The Week That Was: Bring on the Madness
March 3, 2012, By Climate Central
This week: Deadly tornadoes, Natural Gas? (Not So Fast), Pain at the Pump, and Geoengineering.
As the calendar turns to March, it can mean only one thing: March Madness.
Get ready for the NCAA Tournament mayhem, which isn’t actually about basketball as much as it is the millions of office pools and pick ‘em brackets that are spawned by the tournament. We won’t mention that they may be illegal. Your secret is safe with us. But other than Facebook, Twitter, LinkedIn, Google+ and those circling black helicopters, who’s really watching what you do?
If you can’t wait until Selection Sunday and want to start sussing out the 68-team field, jump right in. Our only advice is, don’t pick Missouri. The Tigers are one of the few college powers to have never made the Final Four. So maybe they’re not that powerful.
Speaking of wanna-be powers and another trademarked day of the week, Super Tuesday looms for the Republican nominees. If you want to start sussing out the field for the 10-state free-for-all, jump right in. Based on his RPI and road wins in Arizona and Michigan, Mitt Romney has a small edge in securing a No. 1 seed. We get the feeling Rick Santorum would be very upset if you called him a Cinderella.
And finally, we once again say goodbye to a musical icon. Davy Jones, lead singer and heartthrob for the Monkees, died of a heart attack on Wednesday. He was 66. Jones was best known for his British accent, and big hits like Daydream Believer and A Little Bit Me, A Little Bit You.
We can’t sing a lick, and don’t have a British accent. But we are known for The Week That Was at Climate Central. Bring on the Madness.
Monday, Feb. 27
Abigail Borah: COP-ping an Attitude on Climate Change
For a young person who cares about the environment, Middlebury College is the place to go for all sorts of reasons. The college created the nation’s first degree in environmental studies way back in 1965; it boasts uber-activist Bill McKibben, and probably has more tree-huggers per acre than any campus on the planet.
Warming Arctic Fueling Cold, Snowy Winters
The blockbuster snowstorms and frigid temperatures seen in much of the northern hemisphere during the past few winters are in part the result of global warming-related Arctic sea ice loss, according to a new study published Monday. The study, published in the Proceedings of the National Academy of Sciences, finds clear links between the precipitous decline of Arctic sea ice and severe winter weather in Europe, Asia, and parts of the U.S. during the past several years.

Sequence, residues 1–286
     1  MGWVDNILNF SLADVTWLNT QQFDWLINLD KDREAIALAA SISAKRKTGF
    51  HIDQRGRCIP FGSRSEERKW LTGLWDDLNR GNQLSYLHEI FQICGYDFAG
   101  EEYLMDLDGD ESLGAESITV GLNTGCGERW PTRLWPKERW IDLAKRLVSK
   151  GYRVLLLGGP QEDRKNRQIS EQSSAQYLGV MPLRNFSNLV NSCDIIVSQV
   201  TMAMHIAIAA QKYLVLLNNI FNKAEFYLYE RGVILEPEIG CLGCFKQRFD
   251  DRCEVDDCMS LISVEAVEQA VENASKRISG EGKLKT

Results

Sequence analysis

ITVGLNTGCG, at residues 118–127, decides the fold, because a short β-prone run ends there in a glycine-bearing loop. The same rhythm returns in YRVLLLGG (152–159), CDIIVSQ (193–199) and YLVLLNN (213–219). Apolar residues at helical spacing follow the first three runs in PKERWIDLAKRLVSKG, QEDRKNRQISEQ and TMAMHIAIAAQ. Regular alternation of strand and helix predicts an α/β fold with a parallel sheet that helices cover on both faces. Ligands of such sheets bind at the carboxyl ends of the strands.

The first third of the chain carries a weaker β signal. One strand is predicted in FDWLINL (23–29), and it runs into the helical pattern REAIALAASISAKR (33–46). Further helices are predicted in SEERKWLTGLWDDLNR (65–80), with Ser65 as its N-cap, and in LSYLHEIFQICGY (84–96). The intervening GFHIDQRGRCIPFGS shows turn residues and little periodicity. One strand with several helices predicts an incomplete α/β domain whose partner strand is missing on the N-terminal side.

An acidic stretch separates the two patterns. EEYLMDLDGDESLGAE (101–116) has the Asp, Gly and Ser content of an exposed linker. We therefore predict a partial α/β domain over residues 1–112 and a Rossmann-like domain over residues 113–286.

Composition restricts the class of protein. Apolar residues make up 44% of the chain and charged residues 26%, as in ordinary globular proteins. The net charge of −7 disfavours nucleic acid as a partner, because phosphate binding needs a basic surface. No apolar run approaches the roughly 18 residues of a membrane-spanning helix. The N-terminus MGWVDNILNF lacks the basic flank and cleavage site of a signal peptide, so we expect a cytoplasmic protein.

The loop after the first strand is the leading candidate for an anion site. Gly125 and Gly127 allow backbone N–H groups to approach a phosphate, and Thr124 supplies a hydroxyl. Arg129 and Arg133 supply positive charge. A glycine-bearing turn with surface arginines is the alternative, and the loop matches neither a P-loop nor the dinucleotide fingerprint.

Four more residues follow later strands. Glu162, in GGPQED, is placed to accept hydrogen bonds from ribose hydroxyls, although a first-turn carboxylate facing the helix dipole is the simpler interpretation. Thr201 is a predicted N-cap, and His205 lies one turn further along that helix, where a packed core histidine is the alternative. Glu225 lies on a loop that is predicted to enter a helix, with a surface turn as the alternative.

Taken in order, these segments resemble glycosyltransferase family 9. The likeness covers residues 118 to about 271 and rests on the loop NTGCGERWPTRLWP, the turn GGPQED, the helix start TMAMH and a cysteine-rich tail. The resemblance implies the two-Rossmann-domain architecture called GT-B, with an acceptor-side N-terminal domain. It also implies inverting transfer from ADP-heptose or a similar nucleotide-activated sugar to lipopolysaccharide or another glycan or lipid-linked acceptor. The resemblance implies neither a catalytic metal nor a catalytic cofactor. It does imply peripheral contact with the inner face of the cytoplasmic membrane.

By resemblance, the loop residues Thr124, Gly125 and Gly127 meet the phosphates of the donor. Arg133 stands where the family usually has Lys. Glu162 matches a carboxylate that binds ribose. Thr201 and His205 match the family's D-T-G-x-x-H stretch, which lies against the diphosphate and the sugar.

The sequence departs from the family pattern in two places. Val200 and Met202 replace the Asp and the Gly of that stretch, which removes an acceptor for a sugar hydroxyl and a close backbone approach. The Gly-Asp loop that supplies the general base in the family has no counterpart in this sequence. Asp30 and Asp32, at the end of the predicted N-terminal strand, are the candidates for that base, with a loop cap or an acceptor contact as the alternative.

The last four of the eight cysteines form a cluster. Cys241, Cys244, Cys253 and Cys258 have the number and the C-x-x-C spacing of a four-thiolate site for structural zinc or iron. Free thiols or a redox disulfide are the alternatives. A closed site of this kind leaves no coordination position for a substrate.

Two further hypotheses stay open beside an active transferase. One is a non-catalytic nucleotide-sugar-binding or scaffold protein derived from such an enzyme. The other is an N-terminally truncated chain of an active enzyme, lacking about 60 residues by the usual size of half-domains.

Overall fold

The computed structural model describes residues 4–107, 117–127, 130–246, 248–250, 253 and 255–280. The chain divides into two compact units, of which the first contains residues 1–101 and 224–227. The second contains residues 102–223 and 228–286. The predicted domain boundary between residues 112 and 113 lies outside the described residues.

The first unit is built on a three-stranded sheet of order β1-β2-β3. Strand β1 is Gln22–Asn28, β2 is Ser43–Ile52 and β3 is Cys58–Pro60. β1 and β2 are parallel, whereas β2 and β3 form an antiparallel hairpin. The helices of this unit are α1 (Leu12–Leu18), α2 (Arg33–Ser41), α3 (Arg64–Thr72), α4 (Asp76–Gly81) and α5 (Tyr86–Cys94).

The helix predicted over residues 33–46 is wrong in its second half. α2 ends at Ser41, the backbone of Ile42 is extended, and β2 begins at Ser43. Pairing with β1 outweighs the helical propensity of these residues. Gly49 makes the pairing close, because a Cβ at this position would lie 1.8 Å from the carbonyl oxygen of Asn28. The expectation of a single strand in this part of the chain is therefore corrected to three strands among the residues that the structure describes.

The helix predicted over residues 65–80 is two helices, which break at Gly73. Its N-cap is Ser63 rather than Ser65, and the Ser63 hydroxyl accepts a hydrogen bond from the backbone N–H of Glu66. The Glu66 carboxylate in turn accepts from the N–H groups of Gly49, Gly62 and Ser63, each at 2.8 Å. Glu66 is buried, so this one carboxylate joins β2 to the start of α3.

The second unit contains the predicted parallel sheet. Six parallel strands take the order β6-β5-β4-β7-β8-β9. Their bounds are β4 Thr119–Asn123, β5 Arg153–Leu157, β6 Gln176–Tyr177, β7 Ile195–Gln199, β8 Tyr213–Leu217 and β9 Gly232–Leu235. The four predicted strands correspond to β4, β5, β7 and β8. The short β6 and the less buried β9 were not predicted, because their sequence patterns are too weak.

Tuesday, Feb. 28
Natural Gas Our New Savior? Not So Fast . . .
You’d think we’d have learned something from the cautionary tale that is ethanol. Evidently not, though: we have a new savior called natural gas. It’s the perfect solution, because it’s plentiful and home-drilled, (thank you, fracking), and it emits only half the CO2 that coal does. Only it’s not the perfect solution as scientists have discovered.
All the World is a Melting Pot (of Glaciers)
There’s plenty of ice in mountain glaciers around the world, and they’re melting. Now NASA has put together a movie that lets you zoom around the Earth to visit the places where it’s happening fastest, including Alaska, Canada and Patagonia. The blue areas on the globe represent areas with greatest ice loss, while the yellow dots stand for individual glaciers.
Wednesday, Feb. 29
Geoengineering: You Want Crazy, We’ve Got Crazy
For people who drool over technology, geoengineering is like a juicy steak (or, for vegetarians, a juicy carrot). That’s the idea behind geoengineering, a set of grand and crazy-sounding ideas for cooling off a hot planet. With that in mind, here are Climate Central’s Top 5 geoengineering projects you’ve never heard of — and probably never will again.
Snow, Deadly Tornadoes Slam Upper Midwest, Ohio Valley
An intense winter storm has brought blizzard conditions to the Great Plains and the Upper Midwest, while spawning a spring-like tornado outbreak across several states, killing at least nine people so far. As of late Wednesday afternoon, tornado and severe thunderstorm watches stretched from the shores of Lake Erie southwestward to Mississippi and Alabama, and several tornado warnings were in effect.
Thursday, March 1
Filling Up With Answers to Your Pain at the Pump
Gas prices are in the news, as the average cost for a gallon of unleaded regular keeps rising toward $4. Politicians and the general public have been increasingly vocal in their demand that President Obama do something about it. Here’s what you need to know about gas prices, followed by an interactive state-specific gas price graphic.
No Snow, No Problem: Urban Skiing Hits the Streets
With below average snowfall across much of the U.S. this winter, it’s tough to find good skiing conditions. But who says there has to be fresh powder in the mountains in order to ski? This video, shot last year in British Columbia, proves that it’s possible to ski in an urban area — even on pavement (although that can’t be good for your skis).
Friday, March 2
Rising Temps in Northwest May Impact Hydro, California
In the coming decades, warmer temperatures could hamstring hydropower production in the Pacific Northwest, forcing California to look elsewhere for an electricity boost.
Climate Central is an independent, non-profit journalism and research organization, dedicated to helping mainstream Americans understand how climate change connects to them, and arming our audiences with the knowledge they need to make informed decisions about their future.
Posted March 5, 2012, by MichaelMountain